Cinnamon Doughnuts and a Neenish Tart

“Good morning, Mr. Robertson.  It’s good to see you.  Would you like your regular order?”

“Good morning, Angela.  It is good to see you, too.  As fond as I am of the cinnamon doughnuts, I shall have a neenish tart in honour of Mrs. Robertson.”

“I am sure she would have approved.  How long has it been?”

“Just going on two years, my dear.”

Angela finished scribbling down the order, uncertain of what to say, but slipped back into her business manner, “Take a seat and I’ll bring your order out.”

Mr Robertson took a seat near the window of the coffee shop and carefully placed his trilby on the left hand corner of the table.  Drawing his pocket watch from his waistcoat he checked the time against the Town Hall clock.

Angela placed her hand lightly on his shoulder as not to startle him, letting it pause before placing the tray in front of him.

“I added something a little extra,” she said indicating the second paper bag.  “I’m sure Mrs Robertson wouldn’t mind.”

Mr Robertson chuckled gently as he caught the aroma of freshly cooked cinnamon doughnuts and watched the oil leave its fingerprints.  He began arranging the silver tea pot, milk jug and sugar bowl with a measured deliberateness and shaky hands.

Finishing his tea and tart, Mr Robertson prepared to leave.  He checked the time on his watch before donning his hat.  Reaching for the bag of cinnamon doughnuts to fold the top he noticed a slip of paper.  It was the stub of a receipt from the café and it simply said, “Sorry.”  He folded the note and slid it into his pocket beside his watch.

On his way passed the front counter, he doffed his hat to Angela, “Thank you.”

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8 responses to “Cinnamon Doughnuts and a Neenish Tart

  1. Another attempt at the Friday Fiction prompt (is that cheating?).
    I was thinking over the idea on the way home from work when this idea developed. The back of an envelope meant I didn’t lose the idea.
    PS Don’t write and drive.

  2. This comment came courtesy of my facebook page, where a young friend of mine gave his two cents’ worth. I add it here because it is just awesome.

    Calum W
    That’s deep. Cinnamon & Donuts. Crazy. Many things arise from this. The normal for Mr Robinson is a cinnamon donut. In this day and age it just couldn’t be. Lets see..im guessing Mr R is about 5ft9, 95kgs, sedentary lifestyle,exercise ceases to exist and has a family history of heart conditions. A cinnamon donut a day is going to ruin him.Pretty much send him to his death bed early.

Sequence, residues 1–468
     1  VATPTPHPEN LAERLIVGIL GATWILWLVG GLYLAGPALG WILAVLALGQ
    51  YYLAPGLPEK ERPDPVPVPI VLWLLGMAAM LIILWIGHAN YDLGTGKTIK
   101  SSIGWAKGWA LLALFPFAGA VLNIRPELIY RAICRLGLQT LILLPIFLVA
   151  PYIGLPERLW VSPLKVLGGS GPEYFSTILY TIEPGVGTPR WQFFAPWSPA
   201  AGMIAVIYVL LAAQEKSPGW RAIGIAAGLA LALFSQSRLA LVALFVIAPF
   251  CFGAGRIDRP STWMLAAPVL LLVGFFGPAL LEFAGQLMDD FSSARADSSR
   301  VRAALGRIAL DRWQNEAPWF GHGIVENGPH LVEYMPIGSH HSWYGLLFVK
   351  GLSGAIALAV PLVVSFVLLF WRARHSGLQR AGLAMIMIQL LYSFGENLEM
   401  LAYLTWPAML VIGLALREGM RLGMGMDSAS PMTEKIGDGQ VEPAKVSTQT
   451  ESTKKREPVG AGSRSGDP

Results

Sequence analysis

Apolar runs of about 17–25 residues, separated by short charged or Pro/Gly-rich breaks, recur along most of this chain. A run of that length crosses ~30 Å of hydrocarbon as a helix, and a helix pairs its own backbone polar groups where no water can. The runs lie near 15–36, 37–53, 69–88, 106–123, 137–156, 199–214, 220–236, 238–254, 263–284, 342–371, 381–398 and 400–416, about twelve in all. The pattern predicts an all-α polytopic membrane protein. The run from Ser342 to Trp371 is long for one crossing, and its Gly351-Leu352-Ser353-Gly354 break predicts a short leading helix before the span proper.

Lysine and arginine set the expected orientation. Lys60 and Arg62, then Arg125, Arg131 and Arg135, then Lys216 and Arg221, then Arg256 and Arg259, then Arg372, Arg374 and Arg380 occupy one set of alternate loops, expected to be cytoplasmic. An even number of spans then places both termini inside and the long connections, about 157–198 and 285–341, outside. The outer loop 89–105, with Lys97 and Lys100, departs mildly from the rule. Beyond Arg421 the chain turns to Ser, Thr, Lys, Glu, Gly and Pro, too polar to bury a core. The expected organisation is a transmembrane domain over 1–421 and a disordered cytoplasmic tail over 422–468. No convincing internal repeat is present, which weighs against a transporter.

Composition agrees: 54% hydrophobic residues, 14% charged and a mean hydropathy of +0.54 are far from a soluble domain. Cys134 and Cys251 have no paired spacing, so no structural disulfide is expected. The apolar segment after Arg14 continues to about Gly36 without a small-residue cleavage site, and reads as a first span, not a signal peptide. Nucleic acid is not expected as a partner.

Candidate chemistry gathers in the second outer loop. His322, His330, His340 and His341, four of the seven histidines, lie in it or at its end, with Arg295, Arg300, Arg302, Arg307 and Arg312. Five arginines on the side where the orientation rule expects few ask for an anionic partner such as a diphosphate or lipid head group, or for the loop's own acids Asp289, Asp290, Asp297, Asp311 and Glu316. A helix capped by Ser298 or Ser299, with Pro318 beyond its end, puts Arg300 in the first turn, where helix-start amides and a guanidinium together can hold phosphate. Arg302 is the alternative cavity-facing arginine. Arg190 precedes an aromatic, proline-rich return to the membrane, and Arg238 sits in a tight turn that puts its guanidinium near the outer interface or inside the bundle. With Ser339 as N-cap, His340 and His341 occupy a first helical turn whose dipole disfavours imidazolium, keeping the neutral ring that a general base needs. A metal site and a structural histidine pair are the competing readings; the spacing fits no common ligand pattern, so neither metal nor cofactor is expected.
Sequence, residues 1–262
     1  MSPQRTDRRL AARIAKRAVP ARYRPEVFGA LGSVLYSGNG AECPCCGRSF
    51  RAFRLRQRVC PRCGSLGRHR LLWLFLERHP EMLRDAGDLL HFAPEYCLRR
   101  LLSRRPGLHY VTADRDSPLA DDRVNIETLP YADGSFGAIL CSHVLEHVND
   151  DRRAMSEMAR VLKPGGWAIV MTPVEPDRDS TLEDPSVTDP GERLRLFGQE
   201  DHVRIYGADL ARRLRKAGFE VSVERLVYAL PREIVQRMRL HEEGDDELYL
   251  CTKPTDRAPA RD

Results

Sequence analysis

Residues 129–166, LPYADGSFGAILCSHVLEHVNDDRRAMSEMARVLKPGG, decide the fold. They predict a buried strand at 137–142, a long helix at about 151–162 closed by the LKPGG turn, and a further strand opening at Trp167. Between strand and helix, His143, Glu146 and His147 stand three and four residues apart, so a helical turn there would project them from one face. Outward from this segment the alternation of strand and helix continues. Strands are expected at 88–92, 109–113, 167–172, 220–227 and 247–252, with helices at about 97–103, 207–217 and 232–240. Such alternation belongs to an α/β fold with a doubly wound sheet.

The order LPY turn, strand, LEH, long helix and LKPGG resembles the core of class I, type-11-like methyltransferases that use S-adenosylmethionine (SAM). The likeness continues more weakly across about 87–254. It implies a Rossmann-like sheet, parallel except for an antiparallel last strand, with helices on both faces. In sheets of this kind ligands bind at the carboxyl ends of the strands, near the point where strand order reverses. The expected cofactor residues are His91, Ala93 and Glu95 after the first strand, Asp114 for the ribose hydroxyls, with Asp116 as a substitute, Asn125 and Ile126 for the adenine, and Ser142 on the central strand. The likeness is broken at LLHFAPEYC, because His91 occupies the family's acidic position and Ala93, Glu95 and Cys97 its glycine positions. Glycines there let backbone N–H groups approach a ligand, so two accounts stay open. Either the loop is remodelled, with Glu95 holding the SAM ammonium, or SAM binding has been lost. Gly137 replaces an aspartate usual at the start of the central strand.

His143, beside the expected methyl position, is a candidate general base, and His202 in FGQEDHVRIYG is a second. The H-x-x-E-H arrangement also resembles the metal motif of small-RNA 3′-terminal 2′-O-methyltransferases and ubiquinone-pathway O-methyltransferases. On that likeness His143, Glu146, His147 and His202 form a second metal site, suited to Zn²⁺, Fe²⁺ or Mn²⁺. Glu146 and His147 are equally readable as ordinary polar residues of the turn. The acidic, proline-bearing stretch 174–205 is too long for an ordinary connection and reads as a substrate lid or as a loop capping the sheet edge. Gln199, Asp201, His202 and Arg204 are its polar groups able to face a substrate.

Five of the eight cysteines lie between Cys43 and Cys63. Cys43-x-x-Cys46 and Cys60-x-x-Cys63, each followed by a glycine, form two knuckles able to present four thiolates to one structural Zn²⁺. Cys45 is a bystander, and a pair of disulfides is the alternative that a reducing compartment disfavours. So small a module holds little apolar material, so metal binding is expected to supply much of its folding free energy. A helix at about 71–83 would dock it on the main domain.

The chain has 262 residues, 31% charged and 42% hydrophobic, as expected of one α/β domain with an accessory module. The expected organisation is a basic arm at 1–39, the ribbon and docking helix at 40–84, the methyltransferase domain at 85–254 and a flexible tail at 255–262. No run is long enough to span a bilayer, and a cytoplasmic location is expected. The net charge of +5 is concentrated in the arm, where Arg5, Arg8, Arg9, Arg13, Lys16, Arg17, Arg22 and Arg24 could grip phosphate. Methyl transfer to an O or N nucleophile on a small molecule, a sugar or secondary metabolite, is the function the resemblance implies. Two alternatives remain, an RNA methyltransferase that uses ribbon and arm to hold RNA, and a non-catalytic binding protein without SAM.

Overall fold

To look at the other end of the spectrum, why is this ‘Angela’ giving him what seems to be a ‘free’ donut’? Not only is she putting her job in jeopardy but Mr R is going to want more free donuts. He is’nt seeing this a kind gesture.(his thankyou is quite shallow and pedantic). He is going to want more free donuts. This in turn will ruin Angela because she will not meet the needs of him. That 1 free donut has caused such a problem that Mr R will expect so much more and when Angela doesnt provide, he will take his services elsewhere; in turn causing Angela to lose a valued customer. In this day where money matters she’s only going to slide bottom first down the ricketly hill which we call the ‘reccession’. Angela is now ruined.

    This ‘fictional’ story arises many ethical arguments which I have barely touched on. You sir are wild…. See more

    Ohhh and that bit about the waistcoat.lollllll. he wears a waistcoat.

    And your last sentence is written wrong i think:

    On his way passed the front counter, he doffed his hat to Angela, “Thank you.”

    shouldn’t it be ‘on his was past the front counter?’ or ‘on his way he passed the front counter?’

    hey you’re the english drummer man. with ze bright orange hair.

    you’re a good guy.

  3. You’ve portrayed the old-fashioned gentleman very well, not only through a couple of descriptives (trilby, pocket watch) but also through the tone of the piece: the overpoliteness, calling his dead wife by his last name, etc.

    Well done. Here’s mine: http://mdbenoit.com/blog/2010/02/26/fiction-friday-sorry/

  4. The awkwardness of the conversation somehow works in its favour. yes – its a first draft – so it is natural that you will have clunky bits. I think there is merit in rewriting this into a snappier piece. You show alot of empathy for the characters.
    (ps I love neenish tarts)

  5. I agree with Annie, this piece warrants a rewrite. I liked it.

  6. Hmmmm. I wonder, how I wonder what the sorry is sorry for as there are so many places you could meander.

    Excellent.

  7. Anyone got any suggestions as to what could make this piece better? Would love to hear your thoughts.

  8. Oh I love yours!!! It’s amazing how so many different possibilities spring from just one prompt. But yes, I really enjoyed this. So poignant.

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